Wednesday, March 25, 2015

Calling It In

Last week my husband had a terrible head cold. He had a fever, a cough tearing through his chest and enough misery to fuel a concentration camp. I begged him to call in sick to work and rest until he got better. He didn't. Instead, he got up early every morning, went to work and hung on until the weekend.
This week, I have his cold. More than anything, I just want to call in sick.  My kids still need to be sent off to school, I still have to answer e-mails, work on my book and keep my family going. My husband is my inspiration for why I can't just throw in the towel.
So what do we as writers do when writing is our work and we feel like calling it in?
Sometimes we do. Sometimes we curl up in a ball and focus on surviving. That's Okay too. You can't write anything if you're dead.
However, if you feel something, anything, good, bad, or ugly...write it down. Maybe you'll end up with a character who is sick, depressed, grieving, recovering from a drunken brawl, or whatever you're going throu. Its all fodder for the mind.
I had a kid, who was suffering from the same disease I do, diabetes. His parents wanted to get through to him and make him understand that he needed to take care of himself. The problem...they didn't understand. No one can understand something they've never been through. I wrote down some memories I had from my own struggle and sent them to him. I don't know if it helped him, but it did wonders for me. At times when I think I'm too tired, or too sick to work. I write down what it feels like. It creates story ideas, connections from physical sensations to words and helps me get better at expressing myself.
Today I'll leave a part of this piece, what I wrote about beeng a diabetic at 13. If you need a character who is sick, a teenager, or diagnosed with an incurable disease, it might help. If not, take this challenge.
Take a difficult moment from your childhood, your past, your workday, or even the last few hours and write it down as if you're interviewing a character. Really try to connect with the emotion, whatever it is good, bad, or ugly and keep it on hand for inspiration. The next time you feel like calling it on your determination to make something good of it instead.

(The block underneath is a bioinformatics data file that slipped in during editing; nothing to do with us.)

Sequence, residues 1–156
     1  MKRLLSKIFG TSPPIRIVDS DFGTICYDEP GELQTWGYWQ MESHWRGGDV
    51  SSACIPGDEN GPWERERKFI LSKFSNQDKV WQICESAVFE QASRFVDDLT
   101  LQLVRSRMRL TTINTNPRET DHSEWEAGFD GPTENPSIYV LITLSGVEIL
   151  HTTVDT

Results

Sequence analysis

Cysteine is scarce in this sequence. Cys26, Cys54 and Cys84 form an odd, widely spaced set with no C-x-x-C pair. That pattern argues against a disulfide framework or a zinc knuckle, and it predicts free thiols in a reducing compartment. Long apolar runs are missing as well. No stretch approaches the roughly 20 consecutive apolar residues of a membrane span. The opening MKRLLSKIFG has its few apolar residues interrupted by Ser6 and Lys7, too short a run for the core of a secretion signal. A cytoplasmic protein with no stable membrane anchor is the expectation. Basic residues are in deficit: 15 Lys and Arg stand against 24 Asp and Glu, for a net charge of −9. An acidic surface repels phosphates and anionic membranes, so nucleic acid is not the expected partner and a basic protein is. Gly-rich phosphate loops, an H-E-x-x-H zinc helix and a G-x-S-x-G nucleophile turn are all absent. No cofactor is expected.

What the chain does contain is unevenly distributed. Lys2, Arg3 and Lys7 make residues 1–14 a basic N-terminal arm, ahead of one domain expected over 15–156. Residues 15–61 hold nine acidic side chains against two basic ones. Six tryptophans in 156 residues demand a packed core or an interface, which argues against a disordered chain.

Save Me?!
They’re lecturing to me again. “Don’t you realize the damage you are doing to your body?”
The speeches sound like the piercing whine of my little sister when she throws a tantrum. Its just sound…annoying…but useless.
They don’t know. They don’t feel what I do. All the speeches and lectures are just adults who know everything, and nothing. “You’re going to kill yourself acting like this.”
“It just takes a little control.”
“I know it’s not easy, but in the long run you’ll thank me.”
And they wonder why I roll my eyes. All their talk about kidney damage, blindness, heart attack…blah, blah, blah. I’m thirteen. That’s not happening to me. Maybe in a billion years when I’m an adult and I have to worry about it, but not now. Right now most days are fine. Today my biggest problem is telling them my blood sugar. It’s like a test. If I pass they just want my numbers to never be high again. If I fail they get mad. My dad’s face looks like he’s the one with the high blood sugar. Mom gets this look in her eyes like the color is trying to form the words ’I told you so.”
They want me to care about what my blood sugar is doing to my body, but how can I when their panic and disappointment is the only thing hurting me.
My head hurts. I swear there is a monkey in there screaming his head off and trying to break my skull open with a jack hammer. The insulin will bring my blood sugar down and it will get better, but man I wish I could kill that monkey.
It feels  like I have steam coming out of my ears and a vise tightens around my chest when I try to breathe. I’m so thirsty I want to stand under a 400 foot waterfall and let the cold water pour through me until the dry cotton feeling in my mouth is gone. It won’t be though. No matter how much water I dump down my throat, I’m still dying of thirst. My tongue sticks to my teeth and my throat tears open every time I swallow.
I would go get another glass of water but my back and legs hurt so much I swear a live electric wire is sending burning jolts up and down my arms and legs. My back aches and I can’t curl up tight enough to make the throb go away.
I’m so tired. I hope the insulin works in the next few hours.
Good Luck and keep writing!

Wednesday, March 18, 2015

Do You Have To Be A Believer?

Every author seeks an audience for their work. For some the audience is wide...The World.
For some, the audience is specific...Young Adults.
We all hope to reach our target audience and then reach beyond to others who don't 'usually' read a particular genre. Today's guest post is from Author Lawrence Elliot.
Elliot's target audience for his book, Practical Proverbs For Everyday Living, is focused on Christians. Today he tells why he writes and who he hopes to reach with his book.